Cells are capable of synthesizing new proteins, which are essential for the modulation and maintenance of cellular activities. This process involves the formation of new protein molecules from amino acid building blocks based on information encoded in DNA/RNA. Protein synthesis generally consists of two major steps: transcription and translation.

Transcription is the process where genetic information in DNA is used to produce a complimentary RNA strand. This RNA stand is then processed to give messenger RNA (mRNA), which is free to migrate through the cell. mRNA molecules bind to protein-RNA complexes called ribosomes located in the cytosol, where they are translated into polypeptide sequences. The ribosome mediates the formation of a polypeptide sequence based on the mRNA sequence. The mRNA sequence directly relates to the polypeptide sequence by binding to transfer RNA (tRNA) adapter molecules in binding pockets within the ribosome. The new polypeptide then folds into a functional 3D protein molecule.

The origin of cells has to do with the origin of life, and was one of the most important steps in evolution of life as we know it. The birth of the cell marked the passage from prebiotic chemistry to biological life.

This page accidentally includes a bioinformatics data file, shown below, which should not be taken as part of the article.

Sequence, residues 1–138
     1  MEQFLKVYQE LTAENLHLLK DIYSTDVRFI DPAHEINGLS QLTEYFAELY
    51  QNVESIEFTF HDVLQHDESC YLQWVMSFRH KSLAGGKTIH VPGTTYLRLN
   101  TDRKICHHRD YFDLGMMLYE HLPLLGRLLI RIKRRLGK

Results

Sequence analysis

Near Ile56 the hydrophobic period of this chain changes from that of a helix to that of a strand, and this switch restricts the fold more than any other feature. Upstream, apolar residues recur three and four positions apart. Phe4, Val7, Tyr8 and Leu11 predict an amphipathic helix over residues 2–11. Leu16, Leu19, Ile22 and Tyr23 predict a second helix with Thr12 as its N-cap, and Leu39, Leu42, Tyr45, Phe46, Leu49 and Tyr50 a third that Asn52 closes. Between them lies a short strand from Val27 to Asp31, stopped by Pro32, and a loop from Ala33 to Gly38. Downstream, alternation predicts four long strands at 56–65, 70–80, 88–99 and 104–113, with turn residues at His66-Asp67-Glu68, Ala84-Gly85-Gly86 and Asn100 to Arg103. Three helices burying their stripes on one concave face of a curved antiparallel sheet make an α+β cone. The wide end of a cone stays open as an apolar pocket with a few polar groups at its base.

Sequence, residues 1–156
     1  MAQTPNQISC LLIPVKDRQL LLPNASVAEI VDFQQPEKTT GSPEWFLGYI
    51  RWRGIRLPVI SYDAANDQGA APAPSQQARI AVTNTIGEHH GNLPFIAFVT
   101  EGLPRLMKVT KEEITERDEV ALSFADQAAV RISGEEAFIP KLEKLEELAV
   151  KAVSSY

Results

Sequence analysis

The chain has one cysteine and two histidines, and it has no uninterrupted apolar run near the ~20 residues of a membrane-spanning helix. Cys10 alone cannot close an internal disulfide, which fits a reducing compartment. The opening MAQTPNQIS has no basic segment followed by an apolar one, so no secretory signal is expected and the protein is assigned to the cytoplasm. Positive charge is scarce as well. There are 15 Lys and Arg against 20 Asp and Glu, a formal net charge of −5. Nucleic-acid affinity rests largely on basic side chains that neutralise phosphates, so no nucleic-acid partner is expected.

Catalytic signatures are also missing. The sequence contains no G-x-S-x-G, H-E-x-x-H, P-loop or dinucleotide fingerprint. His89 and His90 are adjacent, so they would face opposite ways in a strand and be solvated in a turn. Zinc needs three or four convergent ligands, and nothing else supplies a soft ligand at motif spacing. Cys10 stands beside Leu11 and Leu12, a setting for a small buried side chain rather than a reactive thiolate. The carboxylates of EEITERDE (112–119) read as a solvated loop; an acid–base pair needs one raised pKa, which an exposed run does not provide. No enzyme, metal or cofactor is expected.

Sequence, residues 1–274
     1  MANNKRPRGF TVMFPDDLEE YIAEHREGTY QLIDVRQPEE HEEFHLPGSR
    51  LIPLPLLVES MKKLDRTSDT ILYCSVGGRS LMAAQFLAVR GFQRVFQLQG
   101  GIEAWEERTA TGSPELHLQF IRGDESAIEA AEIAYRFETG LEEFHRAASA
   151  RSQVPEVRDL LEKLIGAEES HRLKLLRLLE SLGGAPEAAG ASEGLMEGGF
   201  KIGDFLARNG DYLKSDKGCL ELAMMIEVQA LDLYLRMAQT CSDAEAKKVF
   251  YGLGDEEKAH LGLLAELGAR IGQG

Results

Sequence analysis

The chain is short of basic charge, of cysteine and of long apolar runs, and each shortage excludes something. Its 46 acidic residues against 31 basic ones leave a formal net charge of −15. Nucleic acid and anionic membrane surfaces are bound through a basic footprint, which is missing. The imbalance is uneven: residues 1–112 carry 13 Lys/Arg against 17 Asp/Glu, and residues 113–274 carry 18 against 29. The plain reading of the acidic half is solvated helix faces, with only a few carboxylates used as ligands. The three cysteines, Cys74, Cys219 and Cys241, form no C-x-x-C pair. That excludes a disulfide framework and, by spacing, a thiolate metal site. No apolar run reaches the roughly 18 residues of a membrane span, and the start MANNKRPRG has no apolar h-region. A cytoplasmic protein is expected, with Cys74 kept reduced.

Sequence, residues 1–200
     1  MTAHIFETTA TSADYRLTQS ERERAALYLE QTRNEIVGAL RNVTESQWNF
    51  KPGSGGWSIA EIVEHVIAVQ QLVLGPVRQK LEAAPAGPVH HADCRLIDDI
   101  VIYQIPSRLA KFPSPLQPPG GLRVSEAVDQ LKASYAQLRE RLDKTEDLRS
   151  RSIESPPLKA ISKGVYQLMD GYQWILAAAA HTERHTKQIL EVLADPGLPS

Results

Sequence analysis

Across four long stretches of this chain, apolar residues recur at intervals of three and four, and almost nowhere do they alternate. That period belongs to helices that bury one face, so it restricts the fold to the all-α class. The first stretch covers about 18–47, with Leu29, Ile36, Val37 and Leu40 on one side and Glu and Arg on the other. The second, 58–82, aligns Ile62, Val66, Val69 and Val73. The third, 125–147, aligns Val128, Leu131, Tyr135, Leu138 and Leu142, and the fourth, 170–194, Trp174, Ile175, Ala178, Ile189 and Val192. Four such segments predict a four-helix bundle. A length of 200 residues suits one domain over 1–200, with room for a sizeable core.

If life is viewed from the point of view of replicators, that is DNA molecules in the organism, cells satisfy two fundamental conditions: protection from the outside environment and confinement of biochemical activity. The former condition is needed to maintain the fragile DNA chains stable in a varying and sometimes aggressive environment, and may have been the main reason for which cells evolved. The latter is fundamental for the evolution of biological complexity. If freely-floating DNA molecules that code for enzymes are not enclosed into cells, the enzymes that benefit a given DNA molecule (for example, by producing nucleotides) will automatically benefit the neighbouring DNA molecules. This might be viewed as "parasitism by default." Therefore the selection pressure on DNA molecules will be much lower, since there is not a definitive advantage for the "lucky" DNA molecule that produces the better enzyme over the others: All molecules in a given neighbourhood are almost equally advantaged.